A Roman Siege

The offensive and defensive strategies of the Siege of Masada


The Environment

All of the area surrounding Masada is a sandy desert

  • the closest water source for attackers was ten miles away
  • it was extremely hot especially with Roman armor on
  • the heat and water restrictions served to decrease the morale of the Roman soldiers
  • soldiers became weakened by dehydration or heat stroke

The Plateau

Masada is on the top of a high plateau with steep cliffs

  • the cliffs formed a natural wall which had to be climbed up
  • the only way up was a winding exposed pathway up the mountain
  • defenders could easily attack people as they tried to climb up the path


Masada had a wall built around the top of the plateau to protect from attackers

  • the Romans would have to find a way to go over, through, or underneath this wall to get inside the fort
  • Defenders can shoot down from the top of the wall
  • Gates provide a way for defenders to exit for counter-attacks

Hot Sand and Water

Defenders can pour hot sand and boiling water onto troops attempting to climb the walls

  • these materials would go through armor and could cause serious burns
  • soldiers climbing the walls on ladders would fall down onto others
  • the Jews on Masada had more than enough of both sand and water


The Jews had stockpiles of both water and food

  • this prevented the Romans from just “waiting them out” until they ran out of supplies
  • the cisterns would catch rainwater meaning they had a renewable source of water
  • the system of twelve cisterns could hold more than of 10 million gallons of water

Soft Wall

When they caught sight of the Roman battering ram, the Jews quickly build a wooden wall

  • this wooden wall was soft enough that instead of crumbling under the beating of the battering ram, it would absorb the blows
  • because it was made of wood, this secondary wall was susceptible to burning by fire


Circumvallation Wall

The Romans made a circumvallation wall

  • this is a wall which completely surrounds the fort being besieged
  • this prevented the Jews from trying to retreat
  • the wall would also prevent people from bringing more supplies or soldiers into the fort

Siege Engines

Many siege engines could have been used at Masada, the onager is the one I made in Minecraft

  • Very similar to a catapult, the onager could launch projectiles such as rocks over large distances and was often used to break down walls
  • The ballista was more like a large crossbow which could fire either round stones or metal bolts
  • Siege engines could bombard a settlement from a long way
  • Rocks, bolts, other objects could be launched from siege engine; also, they projectiles could be covered in flammable substances and set ablaze.

Siege Tower and Battering Ram

The Romans built a large siege tower to attack with

  • This allowed the Romans to be protected as they drew closer to the wall
  • It would enable them to safely get up to the top of the walls
  • The siege tower at Masada had a battering ram to break through the walls of the fortress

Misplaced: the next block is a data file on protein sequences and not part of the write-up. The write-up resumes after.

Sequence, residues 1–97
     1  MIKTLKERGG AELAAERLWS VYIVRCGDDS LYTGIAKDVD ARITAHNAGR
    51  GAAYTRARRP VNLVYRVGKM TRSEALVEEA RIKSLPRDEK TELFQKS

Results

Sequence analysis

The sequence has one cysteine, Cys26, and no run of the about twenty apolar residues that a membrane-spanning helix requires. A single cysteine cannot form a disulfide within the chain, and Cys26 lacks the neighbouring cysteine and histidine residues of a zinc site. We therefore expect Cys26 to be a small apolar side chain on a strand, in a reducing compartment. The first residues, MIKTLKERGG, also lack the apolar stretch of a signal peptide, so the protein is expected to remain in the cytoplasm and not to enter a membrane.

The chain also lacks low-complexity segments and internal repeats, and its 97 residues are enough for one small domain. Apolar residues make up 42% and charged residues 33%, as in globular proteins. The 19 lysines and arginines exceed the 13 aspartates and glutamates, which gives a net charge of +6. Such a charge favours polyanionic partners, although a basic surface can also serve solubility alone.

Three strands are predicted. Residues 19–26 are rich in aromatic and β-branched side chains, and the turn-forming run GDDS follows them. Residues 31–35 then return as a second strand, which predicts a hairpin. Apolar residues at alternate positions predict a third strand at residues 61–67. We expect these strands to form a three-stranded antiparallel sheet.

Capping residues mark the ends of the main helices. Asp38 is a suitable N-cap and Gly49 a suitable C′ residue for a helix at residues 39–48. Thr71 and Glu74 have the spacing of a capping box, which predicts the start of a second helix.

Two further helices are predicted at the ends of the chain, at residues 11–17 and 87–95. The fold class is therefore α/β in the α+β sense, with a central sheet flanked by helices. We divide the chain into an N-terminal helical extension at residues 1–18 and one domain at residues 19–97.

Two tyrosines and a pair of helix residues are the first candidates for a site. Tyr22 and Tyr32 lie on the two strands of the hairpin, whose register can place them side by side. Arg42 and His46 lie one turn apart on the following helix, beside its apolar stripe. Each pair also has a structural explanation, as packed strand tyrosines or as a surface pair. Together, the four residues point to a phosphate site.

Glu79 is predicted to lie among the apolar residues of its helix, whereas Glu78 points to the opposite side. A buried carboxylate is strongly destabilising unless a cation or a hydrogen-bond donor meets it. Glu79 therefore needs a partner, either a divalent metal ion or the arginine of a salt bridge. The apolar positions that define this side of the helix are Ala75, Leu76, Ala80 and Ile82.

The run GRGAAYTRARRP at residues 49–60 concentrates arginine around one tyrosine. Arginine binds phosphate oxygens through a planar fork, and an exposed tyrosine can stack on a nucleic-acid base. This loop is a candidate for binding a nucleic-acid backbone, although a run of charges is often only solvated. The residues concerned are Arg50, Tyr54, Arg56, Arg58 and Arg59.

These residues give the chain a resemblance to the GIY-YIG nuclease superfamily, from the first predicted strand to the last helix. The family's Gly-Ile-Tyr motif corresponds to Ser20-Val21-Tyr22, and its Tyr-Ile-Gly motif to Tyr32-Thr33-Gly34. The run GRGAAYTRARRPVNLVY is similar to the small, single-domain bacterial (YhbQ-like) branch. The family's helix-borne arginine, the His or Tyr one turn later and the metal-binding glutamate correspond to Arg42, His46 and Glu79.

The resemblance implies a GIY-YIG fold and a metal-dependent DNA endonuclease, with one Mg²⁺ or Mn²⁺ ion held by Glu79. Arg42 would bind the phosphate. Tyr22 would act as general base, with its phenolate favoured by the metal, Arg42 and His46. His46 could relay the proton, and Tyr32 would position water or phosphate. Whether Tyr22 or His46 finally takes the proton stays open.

• Many siege towers also had places for artillery and ranged troops such as archers and slingers to fire on the enemy

Siege Ramp

The most impressive accomplishment by the Romans at Masada was the construction of the siege ramp

  • siege ramps were used as a way to get troops, or in this case a siege tower, to a desired height above the ground
  • they had to be very precise in their angles and measurements to ensure they would be at the right height at the right distance from the walls
  • the ramp had to be very smooth in order to wheel the siege tow up it safely


The Romans could build such large structures so quickly do to the number of Jewish slaves they had with them

  • the Romans brought thousands of Jewish prisoners to Masada to build
  • the Jews on Masada would not attack the enslaved Jews which allowed the Romans to build uninterrupted


One of the most useful siege weapons of the time was fire

  • the Romans used fire at Masada to burn down the wooden wall that was preventing their battering ram from doing its purpose
  • fire could be used to burn buildings and destroy everything inside of them such as food, housing and supplies
  • one of the most dangerous things fire does to a defending army is lower their morale, imagine the sight of your fortress set ablaze around you and how that could damage your hopes of victory

The End

Works Cited

Campbell, Duncan B., and Brian Delf. Greek and Roman Siege Machinery 399 BC-AD 363. Oxford: Osprey, 2003. Print.

"Catapult – Onager." My Wizards. N.p., n.d. Web. 27 Feb. 2015.

Leyden, Joel. "Masada ARTchive @ PreteristArchive.com, The Internet's Only Balanced Look at Preterist Eschatology and Preterism." Masada ARTchive @ PreteristArchive.com, The Internet's Only Balanced Look at Preterist Eschatology and Preterism. Israel News Agency, n.d. Web. 27 Feb. 2015.

Meyer, Joseph. Roman Siege Machinery and the Siege of Masada. Rep. N.p.: 2012 AHS Capstone Projects, 2012. Paper 14. Web. 26 Feb. 2015. <http://digitalcommons.olin.edu/ahs_capstone_2012/14>.

"Siege Warfare." Siege Warfare. N.p., n.d. Web. 27 Feb. 2015.

"Template." Template. N.p., n.d. Web. 27 Feb. 2015.

"Verdi1." Verdi1. N.p., n.d. Web. 27 Feb. 2015.

Wigoder, Geoffrey. New Encyclopedia of Zionism and Israel. Madison: Fairleigh Dickinson UP, 1994. Print.

Meyer, Joseph. The Roman Siege Strategy for the Siege of Masada. Rep. AHS Capstone, 08 May 2012. Web. 28 Feb. 2015.

Langfur, Stephen. "Masada." N.p., n.d. Web. 1 Mar. 2015.

Comment Stream

2 years ago

Excellent! How long did it take you to make this in Minecraft?